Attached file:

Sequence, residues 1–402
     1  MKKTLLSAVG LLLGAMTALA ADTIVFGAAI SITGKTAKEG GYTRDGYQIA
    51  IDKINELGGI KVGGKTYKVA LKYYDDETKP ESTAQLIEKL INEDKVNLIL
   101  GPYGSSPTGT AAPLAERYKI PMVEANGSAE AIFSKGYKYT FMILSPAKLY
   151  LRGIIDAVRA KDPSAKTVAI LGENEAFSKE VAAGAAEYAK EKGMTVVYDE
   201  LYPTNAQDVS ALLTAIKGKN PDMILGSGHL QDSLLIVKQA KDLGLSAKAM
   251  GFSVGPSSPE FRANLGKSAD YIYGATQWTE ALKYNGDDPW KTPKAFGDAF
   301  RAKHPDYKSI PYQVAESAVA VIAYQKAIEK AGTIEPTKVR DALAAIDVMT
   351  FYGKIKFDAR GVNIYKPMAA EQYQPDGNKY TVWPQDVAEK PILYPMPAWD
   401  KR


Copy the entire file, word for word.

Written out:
Sequence, residues 1–402
     1  MKKTLLSAVG LLLGAMTALA ADTIVFGAAI SITGKTAKEG GYTRDGYQIA
    51  IDKINELGGI KVGGKTYKVA LKYYDDETKP ESTAQLIEKL INEDKVNLIL
   101  GPYGSSPTGT AAPLAERYKI PMVEANGSAE AIFSKGYKYT FMILSPAKLY
   151  LRGIIDAVRA KDPSAKTVAI LGENEAFSKE VAAGAAEYAK EKGMTVVYDE
   201  LYPTNAQDVS ALLTAIKGKN PDMILGSGHL QDSLLIVKQA KDLGLSAKAM
   251  GFSVGPSSPE FRANLGKSAD YIYGATQWTE ALKYNGDDPW KTPKAFGDAF
   301  RAKHPDYKSI PYQVAESAVA VIAYQKAIEK AGTIEPTKVR DALAAIDVMT
   351  FYGKIKFDAR GVNIYKPMAA EQYQPDGNKY TVWPQDVAEK PILYPMPAWD
   401  KR